In the banking world, these losses should be multiplied by 10 to determine the effect on the money supply. Assume the banks announce pre-tax losses of $100 billion for the current quarter, a good starting point because the initial outlays from T.A.R.P. tranche #1 have been made. So, absent even more government intervention, a $100 billion loss would have another $1 trillion impact on the money supply. Bank of America is the most recent example. Having already announced losses greater than expected, the government hands over $20 billion more in T.A.R.P. funds and agrees to backstop even more.

The problem is that the U.S. government keeps writing checks we cannot afford. The question is whether we can afford to not write the checks? A supply of money with no velocity does no one any good. The unintended consequence is consumer fear. And cautious consumers may lead to a hoarding of disposable income except for items that are essential for day-to-day living - thus perpetuating a self-fulfilling prophecy.

What Does Any of This Have to Do With the Airline Industry?

The success of the airline industry is unequivocally tied to the health of the macroeconomy.

I cringe at recent media reports that Delta Air Lines expects industry revenue to shrink 10 percent in 2009. For Delta alone, that implies a revenue loss as high as $2.5 billion. The reports then go on to paint a rosier picture based on fuel costs that, at current prices, could save Delta as much as $5 billion this year. Does that mean a $2.5 billion profit for Delta and windfalls across the industry?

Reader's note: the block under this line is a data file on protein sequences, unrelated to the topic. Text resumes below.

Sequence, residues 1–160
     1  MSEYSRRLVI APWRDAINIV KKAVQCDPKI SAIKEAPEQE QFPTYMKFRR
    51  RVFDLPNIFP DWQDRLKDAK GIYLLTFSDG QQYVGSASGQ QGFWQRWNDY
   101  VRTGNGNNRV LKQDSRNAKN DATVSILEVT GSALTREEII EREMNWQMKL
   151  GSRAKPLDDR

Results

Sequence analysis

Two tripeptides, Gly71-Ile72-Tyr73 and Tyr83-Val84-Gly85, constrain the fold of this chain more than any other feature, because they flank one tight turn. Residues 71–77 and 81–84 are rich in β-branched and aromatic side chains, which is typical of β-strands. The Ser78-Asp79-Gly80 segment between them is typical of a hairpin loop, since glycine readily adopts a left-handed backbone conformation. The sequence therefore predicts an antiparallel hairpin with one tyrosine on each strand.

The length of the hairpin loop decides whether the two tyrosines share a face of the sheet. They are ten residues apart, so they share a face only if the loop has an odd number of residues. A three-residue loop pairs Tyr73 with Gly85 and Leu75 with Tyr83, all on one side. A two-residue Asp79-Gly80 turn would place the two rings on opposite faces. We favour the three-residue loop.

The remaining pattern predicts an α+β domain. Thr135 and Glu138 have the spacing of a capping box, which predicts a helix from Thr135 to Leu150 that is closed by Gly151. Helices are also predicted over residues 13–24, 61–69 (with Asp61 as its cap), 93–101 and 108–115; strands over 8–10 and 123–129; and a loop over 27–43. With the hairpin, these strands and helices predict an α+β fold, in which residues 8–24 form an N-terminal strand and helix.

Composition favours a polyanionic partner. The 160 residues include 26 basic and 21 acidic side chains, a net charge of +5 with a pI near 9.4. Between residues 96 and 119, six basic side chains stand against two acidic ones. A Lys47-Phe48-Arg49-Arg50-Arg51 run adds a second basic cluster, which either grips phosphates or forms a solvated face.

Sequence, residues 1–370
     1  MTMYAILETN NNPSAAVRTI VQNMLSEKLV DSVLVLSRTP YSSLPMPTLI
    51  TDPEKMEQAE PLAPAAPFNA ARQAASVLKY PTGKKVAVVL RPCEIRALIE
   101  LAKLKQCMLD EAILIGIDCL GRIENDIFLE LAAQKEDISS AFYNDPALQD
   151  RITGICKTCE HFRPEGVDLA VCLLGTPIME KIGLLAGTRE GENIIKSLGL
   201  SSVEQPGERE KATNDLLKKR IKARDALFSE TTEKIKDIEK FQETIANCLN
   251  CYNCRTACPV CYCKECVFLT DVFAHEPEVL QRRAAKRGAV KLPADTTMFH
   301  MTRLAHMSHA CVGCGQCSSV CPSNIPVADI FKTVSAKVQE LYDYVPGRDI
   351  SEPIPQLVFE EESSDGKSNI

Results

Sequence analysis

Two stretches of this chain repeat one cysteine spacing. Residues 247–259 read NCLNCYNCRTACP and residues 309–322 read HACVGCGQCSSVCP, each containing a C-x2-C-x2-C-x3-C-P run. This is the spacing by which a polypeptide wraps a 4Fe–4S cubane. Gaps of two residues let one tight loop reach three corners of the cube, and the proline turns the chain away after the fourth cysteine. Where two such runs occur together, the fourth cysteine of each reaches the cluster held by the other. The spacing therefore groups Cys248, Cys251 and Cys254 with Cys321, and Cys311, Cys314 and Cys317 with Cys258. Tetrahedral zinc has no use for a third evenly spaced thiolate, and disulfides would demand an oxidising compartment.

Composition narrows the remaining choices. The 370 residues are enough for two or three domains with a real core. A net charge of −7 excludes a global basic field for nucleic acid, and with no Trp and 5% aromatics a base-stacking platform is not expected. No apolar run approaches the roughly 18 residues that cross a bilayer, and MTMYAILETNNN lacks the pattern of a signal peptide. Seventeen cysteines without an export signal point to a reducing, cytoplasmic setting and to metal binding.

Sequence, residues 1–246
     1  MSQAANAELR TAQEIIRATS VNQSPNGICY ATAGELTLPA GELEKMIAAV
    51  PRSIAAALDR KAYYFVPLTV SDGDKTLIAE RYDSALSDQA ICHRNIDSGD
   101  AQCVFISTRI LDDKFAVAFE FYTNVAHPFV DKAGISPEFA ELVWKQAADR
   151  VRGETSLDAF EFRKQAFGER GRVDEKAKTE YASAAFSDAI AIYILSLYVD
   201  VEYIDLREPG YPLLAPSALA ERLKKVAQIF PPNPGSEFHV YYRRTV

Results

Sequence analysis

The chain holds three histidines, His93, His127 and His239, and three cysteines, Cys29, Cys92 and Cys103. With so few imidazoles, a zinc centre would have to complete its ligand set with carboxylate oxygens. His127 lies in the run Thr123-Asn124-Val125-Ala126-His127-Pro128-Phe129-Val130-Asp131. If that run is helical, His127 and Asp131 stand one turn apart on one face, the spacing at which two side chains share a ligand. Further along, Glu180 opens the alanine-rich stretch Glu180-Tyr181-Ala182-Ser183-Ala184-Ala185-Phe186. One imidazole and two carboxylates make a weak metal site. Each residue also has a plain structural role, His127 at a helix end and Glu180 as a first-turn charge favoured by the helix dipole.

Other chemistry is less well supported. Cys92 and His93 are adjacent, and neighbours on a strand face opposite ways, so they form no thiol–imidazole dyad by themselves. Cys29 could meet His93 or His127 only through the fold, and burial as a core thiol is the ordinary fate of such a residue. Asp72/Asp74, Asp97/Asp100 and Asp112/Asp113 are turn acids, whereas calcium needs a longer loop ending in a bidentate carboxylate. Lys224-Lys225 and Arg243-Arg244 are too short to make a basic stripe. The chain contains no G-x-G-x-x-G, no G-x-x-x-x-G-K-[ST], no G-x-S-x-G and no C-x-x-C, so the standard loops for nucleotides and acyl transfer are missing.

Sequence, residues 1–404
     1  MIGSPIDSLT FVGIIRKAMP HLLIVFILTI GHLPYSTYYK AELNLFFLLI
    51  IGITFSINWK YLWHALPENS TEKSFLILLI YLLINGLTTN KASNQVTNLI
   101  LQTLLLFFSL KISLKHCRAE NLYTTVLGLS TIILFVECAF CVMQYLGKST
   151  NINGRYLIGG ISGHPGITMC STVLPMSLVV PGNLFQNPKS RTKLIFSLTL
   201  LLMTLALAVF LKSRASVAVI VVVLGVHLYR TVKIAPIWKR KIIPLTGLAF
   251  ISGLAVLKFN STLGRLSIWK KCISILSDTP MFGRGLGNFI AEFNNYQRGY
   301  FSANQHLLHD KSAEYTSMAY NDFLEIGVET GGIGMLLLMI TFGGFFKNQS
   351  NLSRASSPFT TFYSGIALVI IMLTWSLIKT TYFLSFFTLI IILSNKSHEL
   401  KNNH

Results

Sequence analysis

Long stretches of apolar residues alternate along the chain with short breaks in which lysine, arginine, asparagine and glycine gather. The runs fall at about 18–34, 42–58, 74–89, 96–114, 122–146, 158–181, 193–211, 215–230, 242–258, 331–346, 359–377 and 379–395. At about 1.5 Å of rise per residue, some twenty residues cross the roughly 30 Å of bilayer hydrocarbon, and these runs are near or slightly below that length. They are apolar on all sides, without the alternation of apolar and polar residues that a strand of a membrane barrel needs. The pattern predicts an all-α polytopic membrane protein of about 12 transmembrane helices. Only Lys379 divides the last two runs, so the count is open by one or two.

Ain’t gonna happen.

Time will tell. But I’m not ready to jump on the bandwagon that is predicting airline profitability just yet. Yes, the industry’s efforts to cut costs and control capacity have impressed analysts and that could be a boon for airline shareholders who have been on a wild ride in recent years.

But a closer analysis through a Keynesian lens tells a more cautious tale. History provides a prism to make learned predictions. Keynes would say that a Depression is the result of a recession that fell into a liquidity trap. We may not be there yet, but I fail to see how the other tools in Keynesian Theory could be used to stimulate economic activity today. Unless consumers begin to feel, and act, more optimistic, airlines should not count on a stronger demand for their product. As the industry continues its remake in response to an ever changing economic environment – and capacity likely to shrink further – it is increasingly difficult to predict what 2009 will bring for U.S. airlines.

I am not confident that we really understand the true demand for air travel because, historically, the numbers include a large component of emotional, non-core demand. A fair question is whether yesterday's emotionally purchased air travel should be included in today's demand calculus or not? Therefore, until we can fully understand the true demand for air travel, predicting widespread profitability for an industry subject to the every ebb and flow of the economy seems to be walking into a trap. A trap that sets off a series of others - I fear.

And we have not even started discussing what all of this might mean for some of the credit card issuers. The enabler of the consumer-led expansion. That too is for another time - I fear.